One of the hippest tickets in town may also be one of the oldest: Founded in 1900, the Korea Branch of the Royal Asiatic Society is hands-down one of the best places for people to learn more about Korea while mixing with one of the most interesting crowds in Seoul.
First established way back two turns of the century ago, even before the Japanese annexation of Korea, the Royal Asiatic Society was setting up meetings, publishing a journal, and generally getting the word out about what was going on in Korea. They’ve been around for it all, and are still working to enhance understanding of Korean arts, culture, music, literature, customs, history and everything else. Membership is open to everyone with an interest in Korea.
The RAS is a non-profit organization, and has three main activities: tours, publications and lectures.
Nearly every weekend of the year, the RAS has guided tours that visit fascinating and beautiful locations all over the country. From the historic treasures of the Three Kingdoms and Silla Periods on a weekend excursion to Gyeongju to spending a few hours shopping in Seoul’s specialty markets, a Buddhist retreat to learn the art of tea making or a trip to the beach, the RAS has a variety of tours that appeal to people of all inclinations and ages. What does unite them is that they’re guided by people with real expertise and experience that provides a deeper, richer context for the tours. Take a walking tour of Seoul with an expert on traditional Korean architecture pointing out surviving palace buildings in residential neighborhoods or enjoy a lesson in paper making. The RAS turns learning about Korea into an adventure.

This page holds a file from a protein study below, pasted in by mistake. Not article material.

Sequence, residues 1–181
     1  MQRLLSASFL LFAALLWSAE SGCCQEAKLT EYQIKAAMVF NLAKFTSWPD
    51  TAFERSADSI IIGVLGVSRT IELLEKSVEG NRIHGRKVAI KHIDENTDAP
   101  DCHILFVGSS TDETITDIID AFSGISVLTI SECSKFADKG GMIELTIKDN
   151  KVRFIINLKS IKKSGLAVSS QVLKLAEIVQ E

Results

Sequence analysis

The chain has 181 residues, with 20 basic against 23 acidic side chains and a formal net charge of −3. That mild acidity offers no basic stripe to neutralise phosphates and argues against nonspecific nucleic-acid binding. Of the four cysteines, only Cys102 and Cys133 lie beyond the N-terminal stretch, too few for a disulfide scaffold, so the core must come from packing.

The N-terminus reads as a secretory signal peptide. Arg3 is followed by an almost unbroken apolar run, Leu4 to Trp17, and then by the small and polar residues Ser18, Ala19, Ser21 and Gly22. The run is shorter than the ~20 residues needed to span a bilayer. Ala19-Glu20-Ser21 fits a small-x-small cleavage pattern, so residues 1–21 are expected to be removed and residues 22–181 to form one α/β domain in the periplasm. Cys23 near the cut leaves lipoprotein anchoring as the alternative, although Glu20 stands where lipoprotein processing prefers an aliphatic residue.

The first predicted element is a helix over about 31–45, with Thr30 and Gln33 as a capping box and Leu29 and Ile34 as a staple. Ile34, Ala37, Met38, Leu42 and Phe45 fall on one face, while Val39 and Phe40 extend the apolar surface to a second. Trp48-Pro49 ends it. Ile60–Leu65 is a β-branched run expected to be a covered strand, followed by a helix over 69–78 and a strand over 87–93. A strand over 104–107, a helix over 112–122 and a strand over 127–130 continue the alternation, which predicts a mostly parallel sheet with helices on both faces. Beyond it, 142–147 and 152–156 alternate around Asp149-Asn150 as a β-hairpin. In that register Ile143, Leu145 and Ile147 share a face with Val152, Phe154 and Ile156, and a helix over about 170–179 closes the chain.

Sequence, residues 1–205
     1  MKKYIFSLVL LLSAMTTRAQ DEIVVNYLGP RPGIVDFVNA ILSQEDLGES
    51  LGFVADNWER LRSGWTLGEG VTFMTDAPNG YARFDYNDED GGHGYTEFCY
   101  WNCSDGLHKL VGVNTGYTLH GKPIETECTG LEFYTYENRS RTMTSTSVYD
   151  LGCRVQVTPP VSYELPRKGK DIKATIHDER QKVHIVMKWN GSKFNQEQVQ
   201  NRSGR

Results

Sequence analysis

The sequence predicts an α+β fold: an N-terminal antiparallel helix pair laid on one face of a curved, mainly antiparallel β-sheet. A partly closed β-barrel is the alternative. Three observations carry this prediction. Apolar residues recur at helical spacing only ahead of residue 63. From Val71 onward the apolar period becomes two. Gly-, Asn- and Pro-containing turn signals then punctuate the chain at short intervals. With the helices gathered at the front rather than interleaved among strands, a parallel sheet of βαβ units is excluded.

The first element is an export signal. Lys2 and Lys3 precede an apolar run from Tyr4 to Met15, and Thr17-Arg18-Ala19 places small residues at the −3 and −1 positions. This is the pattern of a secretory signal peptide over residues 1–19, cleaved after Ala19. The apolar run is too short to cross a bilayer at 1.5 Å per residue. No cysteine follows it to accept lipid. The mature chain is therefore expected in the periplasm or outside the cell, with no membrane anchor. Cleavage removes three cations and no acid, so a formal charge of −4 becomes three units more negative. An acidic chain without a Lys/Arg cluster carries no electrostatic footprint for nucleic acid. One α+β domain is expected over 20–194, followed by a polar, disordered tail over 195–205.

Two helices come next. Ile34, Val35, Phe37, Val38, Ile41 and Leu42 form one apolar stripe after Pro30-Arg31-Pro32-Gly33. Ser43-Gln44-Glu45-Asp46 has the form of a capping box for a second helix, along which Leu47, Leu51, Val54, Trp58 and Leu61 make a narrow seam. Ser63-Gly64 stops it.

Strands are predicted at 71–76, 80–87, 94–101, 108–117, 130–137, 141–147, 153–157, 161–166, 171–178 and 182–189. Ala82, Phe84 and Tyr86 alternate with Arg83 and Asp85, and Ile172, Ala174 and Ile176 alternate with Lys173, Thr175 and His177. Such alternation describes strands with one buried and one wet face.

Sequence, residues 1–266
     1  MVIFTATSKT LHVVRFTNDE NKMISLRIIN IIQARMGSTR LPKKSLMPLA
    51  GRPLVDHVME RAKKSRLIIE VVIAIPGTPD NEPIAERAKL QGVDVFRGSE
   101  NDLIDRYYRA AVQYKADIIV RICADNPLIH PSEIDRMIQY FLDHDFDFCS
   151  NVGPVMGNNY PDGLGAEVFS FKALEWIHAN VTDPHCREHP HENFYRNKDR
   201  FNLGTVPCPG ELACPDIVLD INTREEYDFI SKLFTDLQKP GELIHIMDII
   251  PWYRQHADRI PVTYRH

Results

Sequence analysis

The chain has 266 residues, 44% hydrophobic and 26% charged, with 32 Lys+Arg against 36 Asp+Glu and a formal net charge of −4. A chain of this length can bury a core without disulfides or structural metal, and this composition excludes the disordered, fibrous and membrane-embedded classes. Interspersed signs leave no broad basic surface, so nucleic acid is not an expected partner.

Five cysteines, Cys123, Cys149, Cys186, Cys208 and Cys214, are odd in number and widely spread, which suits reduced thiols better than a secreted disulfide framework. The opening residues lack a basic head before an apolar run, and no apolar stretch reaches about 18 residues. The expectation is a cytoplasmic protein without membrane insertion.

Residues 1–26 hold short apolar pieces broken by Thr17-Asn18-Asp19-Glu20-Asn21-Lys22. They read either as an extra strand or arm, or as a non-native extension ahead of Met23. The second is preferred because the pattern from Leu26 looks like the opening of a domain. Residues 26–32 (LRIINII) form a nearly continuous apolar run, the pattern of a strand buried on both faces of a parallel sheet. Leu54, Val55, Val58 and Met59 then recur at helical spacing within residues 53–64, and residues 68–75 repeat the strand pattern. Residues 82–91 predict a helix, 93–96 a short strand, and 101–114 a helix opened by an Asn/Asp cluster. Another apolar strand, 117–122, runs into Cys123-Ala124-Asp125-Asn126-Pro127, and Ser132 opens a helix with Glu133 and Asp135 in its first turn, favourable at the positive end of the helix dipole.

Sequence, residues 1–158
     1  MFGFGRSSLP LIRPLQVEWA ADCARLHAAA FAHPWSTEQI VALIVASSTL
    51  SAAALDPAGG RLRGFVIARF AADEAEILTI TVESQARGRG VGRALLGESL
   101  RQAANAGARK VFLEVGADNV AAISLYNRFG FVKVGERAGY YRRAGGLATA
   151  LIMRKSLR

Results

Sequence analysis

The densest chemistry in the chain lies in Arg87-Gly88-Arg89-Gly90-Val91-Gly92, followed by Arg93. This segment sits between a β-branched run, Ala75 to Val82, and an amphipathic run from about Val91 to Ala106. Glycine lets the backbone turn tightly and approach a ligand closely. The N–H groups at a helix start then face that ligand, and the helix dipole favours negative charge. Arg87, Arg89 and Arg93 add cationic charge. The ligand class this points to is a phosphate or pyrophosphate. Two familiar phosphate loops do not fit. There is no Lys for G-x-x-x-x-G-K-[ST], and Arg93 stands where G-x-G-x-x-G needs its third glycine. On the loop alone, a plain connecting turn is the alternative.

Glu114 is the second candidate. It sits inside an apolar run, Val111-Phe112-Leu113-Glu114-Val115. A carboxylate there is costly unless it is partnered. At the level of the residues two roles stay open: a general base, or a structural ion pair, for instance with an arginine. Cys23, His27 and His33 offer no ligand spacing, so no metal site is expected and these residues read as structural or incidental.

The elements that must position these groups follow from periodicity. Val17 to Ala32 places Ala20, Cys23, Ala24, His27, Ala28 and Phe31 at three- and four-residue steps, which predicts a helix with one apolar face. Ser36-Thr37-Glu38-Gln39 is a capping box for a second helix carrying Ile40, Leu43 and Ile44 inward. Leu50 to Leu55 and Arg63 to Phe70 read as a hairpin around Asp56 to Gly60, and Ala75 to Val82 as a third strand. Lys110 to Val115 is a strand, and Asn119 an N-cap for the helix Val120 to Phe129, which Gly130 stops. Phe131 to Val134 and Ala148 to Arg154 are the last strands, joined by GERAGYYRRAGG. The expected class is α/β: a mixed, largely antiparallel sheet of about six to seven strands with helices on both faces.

The RAS also publishes a yearly journal, Transactions. A combination of academic and personal writings, it’s been around since the organization first started in 1900. Libraries around the world consider Transactions an important primary source, with plenty of first-hand accounts of some of the most important events in modern Korean history, along with in-depth writings on Korean life and culture.
Another important activity for the RAS is their lecture series. Twice a month, the society hosts a lecture on a wide range of Korean Studies topics. From professors to reporters to businesspeople, the RAS had had speakers on almost every conceivable topic. Recent lectures have included Professor Andrei Lankov talking about Koreans on the disputed Sakhalin Islands, a lively changjak pansori performance by the group “Badaksori” and a multimedia presentation on Hollywood’s Korea-based flops like “Oh, Incheon” by well-known translator and editor Jacco Zwetsloot. Upcoming lectures include a presentation titled “Priest, potters and politicians – a discussion on the collecting of Korean arts in the late 19th and early 20th century” by Professor Charlotte Horlyck from the School of Oriental and African Studies in London.
Beyond all this, however, the Korea Branch of the Royal Asiatic Society is one of the liveliest and most engaged communities in Korea, embracing both Koreans and non-Koreans with a passion and interest in the country. Through lectures, tours, publications, presentations and even a yearly garden party, it is one of Korea’s most enduring venues for discussing this fascinating land.
For more information on the RAS, including how to become a member, please visit their official homepage at: http://www.raskb.org